It has been thirty years since the state of Alaska elected a Democrat to the Senate, but the outcome of this year’s Senate race is anything but certain for the GOP. The seat is currently held by Republican Lisa Murkowski, who was appointed by her father, Frank Murkowski, who won the governor’s mansion in 2002 and appointed her to his former spot in the Senate. This was the first step that turned Alaskans a bit sour toward the junior Senator from Alaska. Charges of nepotism have given Murkowski a disadvantage, in what is already a historically precarious position; only forty percent of Senators whom have been appointed in modern American history have survived their first bid to hold on to their seat, and Murkowski faces a formidable foe in former governor Tony Knowles.
Furthermore, the Murkowski name has lost its luster among Alaskan conservatives. Lisa Murkowski, while in the state house of representatives, voted to approve increases on the alcohol tax to make it the highest in the country. She was also one of five Republicans who voted against a bill restricting publicly funded abortions. She declares that she is pro-life except for cases of rape, incest, or endangerment of the mother’s life. She has also supported the ban on partial-birth abortion. However, Alaska Right to Life still opposed her in 1998, claiming, “She is not pro-life.” Her father has also further tarnished the Murkowski name by reneging on his promise to not raise taxes as governor.
Lisa Murkowski’s challenger is Democrat Tony Knowles, a popular former two-term governor. Knowles has run a campaign portraying himself as an independent thinker who will put Alaska’s interests above partisan loyalties. One of the major issues that has buoyed this claim has been his support for oil drilling in the Article National Wildlife Reserve (ANWR). Knowles claims that his position as a Democrat in the Senate would help him bring other Democrats to supporting this measure for an industry that is the backbone of Alaska’s economy. He has also highlighted his high-profile opposition to Bill Clinton’s environmental regulations when he was governor. However, the fact remains that as a Democrat, he will be running to join a caucus of several senators who have vehemently opposed such drilling for the past four years.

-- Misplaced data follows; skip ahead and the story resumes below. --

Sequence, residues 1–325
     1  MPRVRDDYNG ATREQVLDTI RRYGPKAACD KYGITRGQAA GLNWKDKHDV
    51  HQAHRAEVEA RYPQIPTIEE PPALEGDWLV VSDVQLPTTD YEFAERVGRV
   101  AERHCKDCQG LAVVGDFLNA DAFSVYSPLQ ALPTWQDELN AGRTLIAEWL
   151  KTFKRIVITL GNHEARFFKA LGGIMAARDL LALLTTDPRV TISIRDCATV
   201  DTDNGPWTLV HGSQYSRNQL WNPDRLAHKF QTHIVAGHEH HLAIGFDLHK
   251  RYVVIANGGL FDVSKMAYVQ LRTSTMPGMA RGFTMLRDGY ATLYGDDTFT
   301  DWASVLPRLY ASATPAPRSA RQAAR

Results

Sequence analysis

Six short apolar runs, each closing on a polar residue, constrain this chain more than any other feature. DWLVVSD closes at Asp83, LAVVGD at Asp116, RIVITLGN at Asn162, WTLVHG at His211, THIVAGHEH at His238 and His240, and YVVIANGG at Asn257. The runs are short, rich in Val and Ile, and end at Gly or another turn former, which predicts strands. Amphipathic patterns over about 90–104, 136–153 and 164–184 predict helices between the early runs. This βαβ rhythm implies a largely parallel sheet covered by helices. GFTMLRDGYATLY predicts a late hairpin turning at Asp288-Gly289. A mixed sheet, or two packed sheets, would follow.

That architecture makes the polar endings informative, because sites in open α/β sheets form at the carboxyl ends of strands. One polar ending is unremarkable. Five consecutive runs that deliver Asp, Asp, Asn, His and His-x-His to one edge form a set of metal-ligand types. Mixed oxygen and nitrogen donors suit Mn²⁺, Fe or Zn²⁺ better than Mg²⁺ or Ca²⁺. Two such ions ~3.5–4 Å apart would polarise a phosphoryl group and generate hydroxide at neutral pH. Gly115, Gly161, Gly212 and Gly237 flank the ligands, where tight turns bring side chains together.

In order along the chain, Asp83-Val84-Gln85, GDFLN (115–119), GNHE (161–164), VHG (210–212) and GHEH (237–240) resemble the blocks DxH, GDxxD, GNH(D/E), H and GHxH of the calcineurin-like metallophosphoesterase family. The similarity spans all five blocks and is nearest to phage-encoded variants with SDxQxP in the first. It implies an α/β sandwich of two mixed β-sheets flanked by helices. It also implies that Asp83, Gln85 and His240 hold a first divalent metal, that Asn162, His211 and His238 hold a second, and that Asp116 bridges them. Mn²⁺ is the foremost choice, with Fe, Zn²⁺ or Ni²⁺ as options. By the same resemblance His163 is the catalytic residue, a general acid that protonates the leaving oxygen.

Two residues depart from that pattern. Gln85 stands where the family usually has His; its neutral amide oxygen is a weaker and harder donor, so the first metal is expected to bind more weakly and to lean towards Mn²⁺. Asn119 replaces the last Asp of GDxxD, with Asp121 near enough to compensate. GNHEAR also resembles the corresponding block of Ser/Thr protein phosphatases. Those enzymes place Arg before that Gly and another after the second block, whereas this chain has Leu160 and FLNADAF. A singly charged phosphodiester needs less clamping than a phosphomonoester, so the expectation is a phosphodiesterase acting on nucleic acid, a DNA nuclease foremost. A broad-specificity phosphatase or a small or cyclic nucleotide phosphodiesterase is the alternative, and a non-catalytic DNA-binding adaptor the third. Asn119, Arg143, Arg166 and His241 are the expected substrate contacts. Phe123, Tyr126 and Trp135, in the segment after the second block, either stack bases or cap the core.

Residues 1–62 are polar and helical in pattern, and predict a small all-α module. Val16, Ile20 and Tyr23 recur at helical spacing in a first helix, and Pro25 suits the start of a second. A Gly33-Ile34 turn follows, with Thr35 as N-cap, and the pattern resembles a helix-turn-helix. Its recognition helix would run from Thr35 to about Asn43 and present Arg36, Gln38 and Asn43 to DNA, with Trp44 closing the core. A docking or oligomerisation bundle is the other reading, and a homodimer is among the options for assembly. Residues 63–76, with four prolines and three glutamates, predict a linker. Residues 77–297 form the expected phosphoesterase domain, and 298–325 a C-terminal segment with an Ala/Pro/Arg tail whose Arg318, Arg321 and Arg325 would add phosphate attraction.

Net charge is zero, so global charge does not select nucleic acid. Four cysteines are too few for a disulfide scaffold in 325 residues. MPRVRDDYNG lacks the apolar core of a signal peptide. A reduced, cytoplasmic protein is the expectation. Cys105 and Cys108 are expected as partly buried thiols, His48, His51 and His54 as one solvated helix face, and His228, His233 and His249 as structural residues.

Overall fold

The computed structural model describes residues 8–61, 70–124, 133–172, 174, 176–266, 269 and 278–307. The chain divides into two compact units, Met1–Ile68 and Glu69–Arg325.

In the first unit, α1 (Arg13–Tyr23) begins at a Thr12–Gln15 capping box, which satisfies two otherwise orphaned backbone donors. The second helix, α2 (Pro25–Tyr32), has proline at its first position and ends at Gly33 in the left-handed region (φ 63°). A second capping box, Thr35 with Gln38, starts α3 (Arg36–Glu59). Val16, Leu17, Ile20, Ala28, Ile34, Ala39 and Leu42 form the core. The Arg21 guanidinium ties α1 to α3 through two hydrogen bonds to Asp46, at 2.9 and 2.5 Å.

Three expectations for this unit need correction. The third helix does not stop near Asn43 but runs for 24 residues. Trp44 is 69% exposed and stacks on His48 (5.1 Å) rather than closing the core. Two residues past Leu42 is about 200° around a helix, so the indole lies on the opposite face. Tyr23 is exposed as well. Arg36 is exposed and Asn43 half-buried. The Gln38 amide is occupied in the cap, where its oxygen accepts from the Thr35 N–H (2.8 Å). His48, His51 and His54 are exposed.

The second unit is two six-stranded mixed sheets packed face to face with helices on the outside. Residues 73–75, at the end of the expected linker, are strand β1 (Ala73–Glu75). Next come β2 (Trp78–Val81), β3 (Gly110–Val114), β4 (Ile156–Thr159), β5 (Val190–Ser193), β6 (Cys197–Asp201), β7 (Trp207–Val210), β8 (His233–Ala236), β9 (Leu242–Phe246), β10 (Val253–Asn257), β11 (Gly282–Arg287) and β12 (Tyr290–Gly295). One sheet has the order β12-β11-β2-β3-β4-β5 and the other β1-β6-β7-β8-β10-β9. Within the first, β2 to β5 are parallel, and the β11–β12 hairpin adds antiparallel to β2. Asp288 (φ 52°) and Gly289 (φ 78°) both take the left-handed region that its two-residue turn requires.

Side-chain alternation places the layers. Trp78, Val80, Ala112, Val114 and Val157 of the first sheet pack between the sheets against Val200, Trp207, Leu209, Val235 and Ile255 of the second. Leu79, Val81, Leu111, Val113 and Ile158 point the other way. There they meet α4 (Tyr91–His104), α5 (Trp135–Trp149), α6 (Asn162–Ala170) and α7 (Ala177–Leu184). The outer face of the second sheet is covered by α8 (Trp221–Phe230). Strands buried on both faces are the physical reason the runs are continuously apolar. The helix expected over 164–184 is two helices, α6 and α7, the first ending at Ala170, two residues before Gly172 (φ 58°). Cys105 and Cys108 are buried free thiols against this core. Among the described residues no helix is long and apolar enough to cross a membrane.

(Insert 1 or 2 paragraphs about the polling in this race)- While there polling has not been implemented to a large extent in this race, recent polls indicate that Knowles is ahead. Since October 4, 2004, he leads Murkowski by a margin of three percent, a margin that has dropped moderately since September when Knowles held a comfortable six percent lead.
Ultimately, this race is a toss-up. It has been a predominantly Republican state for decades that is looking to hand a landslide to George W. Bush. However, recent circumstances, including Alaskans’ suspicion of Lisa Murkowski’s appointment, rifts within the Alaskan Republican Party, the recent decline of Governor Frank Murkowski’s popularity give an advantage to Tony Knowles, who has proven to be a strong opponent. The forces of this campaign have Alaska’s Republican tendencies and the recent advantages of a popular challenger synthesizing into deadlocked polls and an unpredictable showdown on Nov. 2.